A new study discovers the word “organic” can bias a person’s impression of food products, influencing shopping and spending habits.
Researchers say an organic label can lead us to think a food is healthier, through what is known as the “health halo effect.” And certain people seem to be more prone to the effect than others.
In the study, Cornell researchers discovered an organic label can influence much more than health views as perceptions of taste, calories and value can be significantly altered when a food is labeled “organic.”
In the study, 115 people were recruited from a local shopping mall in Ithaca, N.Y. Participants were asked to evaluate three pairs of products — two yogurts, two cookies and two potato chip portions.
One item from each food pair was labeled “organic”, while the other was labeled “regular” — even though all of the product pairs were organic and identical. Participants were asked to rate the taste and caloric content of each item, and how much they would be willing to pay for the items.
A questionnaire also inquired about their environmental and shopping habits.
Researchers discovered that even though these foods were all the same, the “organic” label greatly influenced people’s perceptions.
The cookies and yogurt were estimated to have significantly fewer calories when labeled “organic” and people were willing to pay up to 23.4 percent more for them.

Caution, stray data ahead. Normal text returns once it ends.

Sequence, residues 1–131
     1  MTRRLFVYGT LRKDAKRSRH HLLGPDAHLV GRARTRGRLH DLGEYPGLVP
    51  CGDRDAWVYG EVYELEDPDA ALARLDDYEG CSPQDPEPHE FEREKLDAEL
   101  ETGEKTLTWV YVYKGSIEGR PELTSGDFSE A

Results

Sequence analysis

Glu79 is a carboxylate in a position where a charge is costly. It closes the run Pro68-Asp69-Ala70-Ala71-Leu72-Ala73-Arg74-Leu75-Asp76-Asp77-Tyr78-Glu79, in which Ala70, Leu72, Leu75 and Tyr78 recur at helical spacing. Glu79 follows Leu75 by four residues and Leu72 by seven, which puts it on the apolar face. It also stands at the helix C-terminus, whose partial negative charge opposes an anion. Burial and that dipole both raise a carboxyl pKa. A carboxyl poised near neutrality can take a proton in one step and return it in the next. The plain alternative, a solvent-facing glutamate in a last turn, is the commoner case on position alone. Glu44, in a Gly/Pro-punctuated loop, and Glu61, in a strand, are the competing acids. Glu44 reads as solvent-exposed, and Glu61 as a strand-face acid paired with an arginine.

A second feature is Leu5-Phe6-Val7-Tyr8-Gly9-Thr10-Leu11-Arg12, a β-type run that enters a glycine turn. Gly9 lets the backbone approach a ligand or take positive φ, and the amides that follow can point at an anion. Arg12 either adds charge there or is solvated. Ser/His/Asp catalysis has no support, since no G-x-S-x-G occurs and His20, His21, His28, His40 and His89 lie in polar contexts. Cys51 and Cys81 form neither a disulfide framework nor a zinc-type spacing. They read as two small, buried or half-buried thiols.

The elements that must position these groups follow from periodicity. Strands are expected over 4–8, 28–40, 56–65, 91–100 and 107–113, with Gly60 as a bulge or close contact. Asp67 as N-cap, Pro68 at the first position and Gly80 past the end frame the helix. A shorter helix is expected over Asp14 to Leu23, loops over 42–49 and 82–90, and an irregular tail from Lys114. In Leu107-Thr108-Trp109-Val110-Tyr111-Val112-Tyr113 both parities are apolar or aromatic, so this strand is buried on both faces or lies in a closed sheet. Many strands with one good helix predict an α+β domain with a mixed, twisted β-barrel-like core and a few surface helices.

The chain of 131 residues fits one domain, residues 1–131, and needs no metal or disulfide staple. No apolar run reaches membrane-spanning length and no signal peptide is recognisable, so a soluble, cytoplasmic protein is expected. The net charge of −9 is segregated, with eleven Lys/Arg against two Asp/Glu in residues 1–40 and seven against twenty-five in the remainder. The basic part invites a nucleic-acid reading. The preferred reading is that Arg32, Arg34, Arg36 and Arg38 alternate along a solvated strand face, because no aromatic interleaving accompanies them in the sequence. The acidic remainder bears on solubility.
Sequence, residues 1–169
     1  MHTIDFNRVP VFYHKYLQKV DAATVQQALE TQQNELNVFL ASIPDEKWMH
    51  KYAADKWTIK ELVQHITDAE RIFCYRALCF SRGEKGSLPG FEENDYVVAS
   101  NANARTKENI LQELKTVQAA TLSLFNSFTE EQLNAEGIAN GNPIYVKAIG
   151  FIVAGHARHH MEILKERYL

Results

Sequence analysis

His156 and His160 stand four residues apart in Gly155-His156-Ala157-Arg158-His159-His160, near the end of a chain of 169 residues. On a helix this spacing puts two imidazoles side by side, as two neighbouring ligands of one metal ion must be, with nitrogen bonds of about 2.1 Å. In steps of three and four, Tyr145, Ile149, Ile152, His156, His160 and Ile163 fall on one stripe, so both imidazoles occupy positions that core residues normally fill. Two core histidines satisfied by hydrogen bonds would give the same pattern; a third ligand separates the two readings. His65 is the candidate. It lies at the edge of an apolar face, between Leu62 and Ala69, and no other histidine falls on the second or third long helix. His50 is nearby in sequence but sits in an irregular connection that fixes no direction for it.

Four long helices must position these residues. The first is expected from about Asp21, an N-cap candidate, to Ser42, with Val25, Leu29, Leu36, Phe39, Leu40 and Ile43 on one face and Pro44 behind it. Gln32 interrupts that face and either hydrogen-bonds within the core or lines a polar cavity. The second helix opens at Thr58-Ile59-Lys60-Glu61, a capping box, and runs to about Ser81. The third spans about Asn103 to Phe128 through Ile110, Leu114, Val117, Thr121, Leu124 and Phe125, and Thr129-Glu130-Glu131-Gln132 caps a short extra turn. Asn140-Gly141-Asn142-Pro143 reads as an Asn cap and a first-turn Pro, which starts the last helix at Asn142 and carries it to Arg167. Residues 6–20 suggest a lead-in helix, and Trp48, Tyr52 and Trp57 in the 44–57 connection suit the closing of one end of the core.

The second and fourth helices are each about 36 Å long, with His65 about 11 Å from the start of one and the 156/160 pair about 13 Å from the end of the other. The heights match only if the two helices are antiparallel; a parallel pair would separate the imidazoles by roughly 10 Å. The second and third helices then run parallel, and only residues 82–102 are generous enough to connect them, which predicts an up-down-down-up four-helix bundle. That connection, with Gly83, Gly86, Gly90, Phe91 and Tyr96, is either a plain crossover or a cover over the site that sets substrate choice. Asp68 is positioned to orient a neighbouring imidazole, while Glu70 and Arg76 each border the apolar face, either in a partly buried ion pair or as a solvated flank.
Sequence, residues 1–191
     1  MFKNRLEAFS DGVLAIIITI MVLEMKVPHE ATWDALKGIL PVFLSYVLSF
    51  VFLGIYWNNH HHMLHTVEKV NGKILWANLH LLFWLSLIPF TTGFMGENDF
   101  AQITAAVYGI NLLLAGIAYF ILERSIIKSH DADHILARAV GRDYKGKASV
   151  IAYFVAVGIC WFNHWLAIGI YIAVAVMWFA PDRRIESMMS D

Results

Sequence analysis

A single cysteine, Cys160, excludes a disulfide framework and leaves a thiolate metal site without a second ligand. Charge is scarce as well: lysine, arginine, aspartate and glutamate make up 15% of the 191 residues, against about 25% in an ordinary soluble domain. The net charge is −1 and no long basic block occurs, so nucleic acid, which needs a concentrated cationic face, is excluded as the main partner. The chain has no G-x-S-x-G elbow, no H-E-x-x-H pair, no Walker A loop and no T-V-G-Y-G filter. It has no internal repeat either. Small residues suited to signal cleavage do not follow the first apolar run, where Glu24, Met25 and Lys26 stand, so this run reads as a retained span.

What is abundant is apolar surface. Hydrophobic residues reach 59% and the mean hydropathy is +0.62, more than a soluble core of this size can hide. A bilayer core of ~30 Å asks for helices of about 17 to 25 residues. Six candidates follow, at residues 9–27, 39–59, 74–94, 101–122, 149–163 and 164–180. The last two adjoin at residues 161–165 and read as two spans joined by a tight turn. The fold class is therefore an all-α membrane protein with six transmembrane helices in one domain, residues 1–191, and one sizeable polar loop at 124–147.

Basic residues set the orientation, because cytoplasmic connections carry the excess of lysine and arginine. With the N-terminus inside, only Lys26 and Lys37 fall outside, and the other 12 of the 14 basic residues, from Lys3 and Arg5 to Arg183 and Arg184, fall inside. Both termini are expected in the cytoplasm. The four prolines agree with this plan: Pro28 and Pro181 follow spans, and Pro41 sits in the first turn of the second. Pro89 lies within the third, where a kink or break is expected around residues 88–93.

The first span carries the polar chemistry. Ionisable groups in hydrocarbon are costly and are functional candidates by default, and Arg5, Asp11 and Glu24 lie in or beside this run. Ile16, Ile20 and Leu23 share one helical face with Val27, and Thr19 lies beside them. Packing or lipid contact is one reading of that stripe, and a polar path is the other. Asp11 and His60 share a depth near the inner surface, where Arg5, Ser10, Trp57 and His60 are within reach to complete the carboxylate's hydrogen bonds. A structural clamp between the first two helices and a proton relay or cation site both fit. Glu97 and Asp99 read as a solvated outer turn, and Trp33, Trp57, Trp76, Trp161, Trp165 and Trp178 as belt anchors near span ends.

The nutritional aspects of these foods were also greatly biased by the health halo effect. The “organic” cookies and yogurt were said to taste “lower in fat” than the “regular” variety, and the “organic” cookies and chips were thought to be more nutritious!
The label even tricked people’s taste buds: when perceived as “organic,” chips seemed more appetizing and yogurt was judged to be more flavorful.
“Regular” cookies were reported to taste better — possibly because people often believe healthy foods are not tasty. All of these foods were exactly the same, but a simple organic label made all the difference.
Investigators discovered that people who regularly read nutrition labels, those who regularly buy organic food, and those who exhibit pro-environmental behaviors (such as recycling or hiking) were less susceptible to the organic health halo effect.
Source: Cornell University